Published:  12:00 AM, 30 July 2016

NSU, what's going on?

NSU, what's going on?

North South University (NSU) is facing an image crisis and becoming a breeding ground for terrorists as six of its students were found guilty in recent militants' attacks. The militant attacks have shocked everyone. Not only the students but also some teachers of the university are under suspicion of terror link.It is known that the sacked NSU teacher Hasnat Karim, one of the diners and siege hostages of Holy Artisan Bakery Café, is among the suspects of the deadliest terror attack.

After observing Hasnat's activities on social media it was known that he has many terror links. Earlier in 2013, he was sacked for his reported involvement with banned militant group Hizb-ut Tahrir. The roles of trustee board members of North South University are questioned as many of them are allegedly involved in anti-social activities. Many of their activities are either political or semi-political. They were alleged for many indisciplines.

An alarming situation is going on as one of the attackers who killed 22 people at an upscale cafe in Dhaka's Gulshan-2 on July 1 night before being shot dead by army commandos the next morning, was student of NSU. One of the terrorists who killed two policemen in an attack on a check-post near Sholakia Eidgah ground on Eid day morning on July 7, before being shot dead by police, was also an NSU student.

Seven of the eight persons convicted for the February 2013 murder of blogger and Ganajagaran Mancha activist Ahmed Rajib Haider were also NSU students.University Grants Commission (UGC) investigators had found the banned militant outfit Hizb-ut Tahrir's printed materials in the NSU library last year. Several teachers and students of the university were sacked and rusticated for having alleged militant ties, according to the media.It has become a matter of worry after recent investigation findings suggested that students from reputed private universities like NSU and affluent families tend to get involved in extremism after running away from home.Recently, Education Minister Nurul Islam Nahid said: "The government is 'alert' about the situation in the North South University (NSU)."The Education Minister and UGC chairman Professor Abdul Mannan said that if the situation of NSU does not improves than the university will be closed.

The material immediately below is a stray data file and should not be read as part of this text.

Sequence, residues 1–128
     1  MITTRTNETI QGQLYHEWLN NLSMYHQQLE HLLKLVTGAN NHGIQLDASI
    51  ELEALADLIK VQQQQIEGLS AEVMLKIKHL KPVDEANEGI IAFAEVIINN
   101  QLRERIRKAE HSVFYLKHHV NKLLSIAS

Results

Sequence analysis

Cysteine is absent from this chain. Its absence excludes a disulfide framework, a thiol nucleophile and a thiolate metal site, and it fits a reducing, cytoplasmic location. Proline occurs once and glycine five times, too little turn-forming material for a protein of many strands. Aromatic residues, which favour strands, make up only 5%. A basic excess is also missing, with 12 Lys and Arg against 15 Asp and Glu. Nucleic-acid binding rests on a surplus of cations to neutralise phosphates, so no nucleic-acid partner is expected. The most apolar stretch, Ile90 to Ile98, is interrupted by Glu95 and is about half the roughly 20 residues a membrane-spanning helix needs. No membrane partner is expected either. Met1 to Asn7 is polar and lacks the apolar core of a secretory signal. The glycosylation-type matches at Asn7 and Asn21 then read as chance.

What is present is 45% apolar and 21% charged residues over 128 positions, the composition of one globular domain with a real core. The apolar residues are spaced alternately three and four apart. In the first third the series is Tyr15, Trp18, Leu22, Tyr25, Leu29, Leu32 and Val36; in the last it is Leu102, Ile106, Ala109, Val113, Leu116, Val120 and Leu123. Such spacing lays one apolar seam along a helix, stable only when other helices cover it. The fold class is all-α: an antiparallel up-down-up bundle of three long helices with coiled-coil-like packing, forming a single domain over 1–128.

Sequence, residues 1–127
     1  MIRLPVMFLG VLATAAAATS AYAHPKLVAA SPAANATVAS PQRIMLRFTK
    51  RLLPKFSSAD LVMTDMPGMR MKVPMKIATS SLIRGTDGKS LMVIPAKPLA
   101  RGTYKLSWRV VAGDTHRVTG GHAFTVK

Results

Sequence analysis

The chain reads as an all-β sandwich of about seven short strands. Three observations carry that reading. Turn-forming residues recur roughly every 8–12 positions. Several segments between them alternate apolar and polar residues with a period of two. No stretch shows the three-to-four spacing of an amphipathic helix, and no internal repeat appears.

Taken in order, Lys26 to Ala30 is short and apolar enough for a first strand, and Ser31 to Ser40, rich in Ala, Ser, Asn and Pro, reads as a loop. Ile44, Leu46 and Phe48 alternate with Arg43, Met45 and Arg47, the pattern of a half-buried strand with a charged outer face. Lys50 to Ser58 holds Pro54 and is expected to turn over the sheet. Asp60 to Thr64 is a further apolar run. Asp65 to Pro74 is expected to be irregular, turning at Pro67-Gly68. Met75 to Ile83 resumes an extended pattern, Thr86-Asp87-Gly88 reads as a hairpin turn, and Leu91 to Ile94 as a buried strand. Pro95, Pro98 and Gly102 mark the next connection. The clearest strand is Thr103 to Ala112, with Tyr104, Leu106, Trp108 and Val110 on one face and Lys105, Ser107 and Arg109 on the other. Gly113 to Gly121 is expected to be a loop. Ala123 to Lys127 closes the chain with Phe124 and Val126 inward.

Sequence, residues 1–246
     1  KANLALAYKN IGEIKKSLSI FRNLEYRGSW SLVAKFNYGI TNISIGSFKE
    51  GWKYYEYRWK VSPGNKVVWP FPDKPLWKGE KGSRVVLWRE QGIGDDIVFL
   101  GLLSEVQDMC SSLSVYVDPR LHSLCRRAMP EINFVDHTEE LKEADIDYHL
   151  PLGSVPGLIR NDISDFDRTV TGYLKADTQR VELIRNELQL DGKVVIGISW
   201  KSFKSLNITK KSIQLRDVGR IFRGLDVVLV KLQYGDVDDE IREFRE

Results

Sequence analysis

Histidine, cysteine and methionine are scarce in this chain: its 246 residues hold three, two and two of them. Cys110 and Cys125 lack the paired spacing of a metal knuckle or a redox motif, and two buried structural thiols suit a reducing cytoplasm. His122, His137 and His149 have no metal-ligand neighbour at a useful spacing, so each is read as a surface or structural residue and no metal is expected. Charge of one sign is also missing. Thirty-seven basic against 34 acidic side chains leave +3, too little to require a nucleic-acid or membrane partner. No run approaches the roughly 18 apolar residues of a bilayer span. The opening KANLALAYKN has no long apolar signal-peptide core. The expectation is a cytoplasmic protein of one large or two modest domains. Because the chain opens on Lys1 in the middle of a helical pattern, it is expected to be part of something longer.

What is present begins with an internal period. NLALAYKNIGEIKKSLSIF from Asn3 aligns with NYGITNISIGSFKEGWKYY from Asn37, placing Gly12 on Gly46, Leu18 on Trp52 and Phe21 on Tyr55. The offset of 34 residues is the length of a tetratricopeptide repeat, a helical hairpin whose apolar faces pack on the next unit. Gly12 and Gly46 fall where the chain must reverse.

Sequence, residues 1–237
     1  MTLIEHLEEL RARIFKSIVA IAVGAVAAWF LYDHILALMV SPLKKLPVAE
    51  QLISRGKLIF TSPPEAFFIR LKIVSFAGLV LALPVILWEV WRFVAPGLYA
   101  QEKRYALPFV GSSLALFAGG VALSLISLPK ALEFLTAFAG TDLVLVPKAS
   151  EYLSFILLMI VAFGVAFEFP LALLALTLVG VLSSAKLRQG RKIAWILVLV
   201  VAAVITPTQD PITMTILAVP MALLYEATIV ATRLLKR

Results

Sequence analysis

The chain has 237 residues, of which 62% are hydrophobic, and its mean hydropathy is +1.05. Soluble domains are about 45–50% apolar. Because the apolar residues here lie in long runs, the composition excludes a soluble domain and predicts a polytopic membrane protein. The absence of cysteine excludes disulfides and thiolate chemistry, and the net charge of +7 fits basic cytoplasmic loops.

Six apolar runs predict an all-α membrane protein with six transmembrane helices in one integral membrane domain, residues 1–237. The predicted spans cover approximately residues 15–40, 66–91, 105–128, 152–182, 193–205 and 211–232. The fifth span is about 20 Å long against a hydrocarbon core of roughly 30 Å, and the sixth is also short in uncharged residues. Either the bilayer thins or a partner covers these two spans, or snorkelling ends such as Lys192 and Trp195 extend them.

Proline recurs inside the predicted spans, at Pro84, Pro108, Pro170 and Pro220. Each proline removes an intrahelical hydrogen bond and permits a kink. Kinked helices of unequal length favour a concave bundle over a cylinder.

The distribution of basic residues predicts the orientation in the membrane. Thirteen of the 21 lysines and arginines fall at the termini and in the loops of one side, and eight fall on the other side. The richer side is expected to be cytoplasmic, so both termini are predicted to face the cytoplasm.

There were many alleged irregularities among some former trustee board members. BNP leader Abul Hashem, one of the ex-trustee members, was nabbed by ACC during caretaker government. Another former trustee board member of NSU, MA Shahjahan, had a record of sexual harassment for harassing a female teacher of the same university. The former chairman of the board of trustees Ragib Ali was also accused for corruption charges by ACC.The incumbent trustee members are M. A. Kashem, Azim Uddin Ahmed, Benajir Ahmed, Iftekharul Alam, Dr. Roushon Alam, Ragib Ali, M. A. Awal, Yussuf A. Harun, M.A. Hashem, M. A. Kalam, S. M. Kamaluddin, M. A. Kashem, Abul Kashem, Yasmin Kamal, Rehana Rahman, A. S. F. Rahman, Md. Shajahan and Dr. Junaid Kamal Ahmad,Mr. Mahbubar Rahman.

However, the future of some 20,000 students of NSU is in an uncertain condition. Guardians and students urged to bring back the standard of education and academic environment in the university.Experts said that lack of cultural activities is one of the reasons behind this misdoing in the university. They also feared the future of the students of NSU as many of the students are involved in drugs, abuse and cyber crime.

The university should be more careful in appointing teachers and admitting students, experts opined.NSU was well known for its academic excellence but the present situation is alarming. The students and guardians hope to get rid of this image crisis of the university.Seeking anonymity, a psychologist said that the students need proper guide and counseling. Many academic institutions in the world have counseling, physiological and criminology section to guide their students. As NSU claims to provide the international standard they should follow such systems, the expert said.

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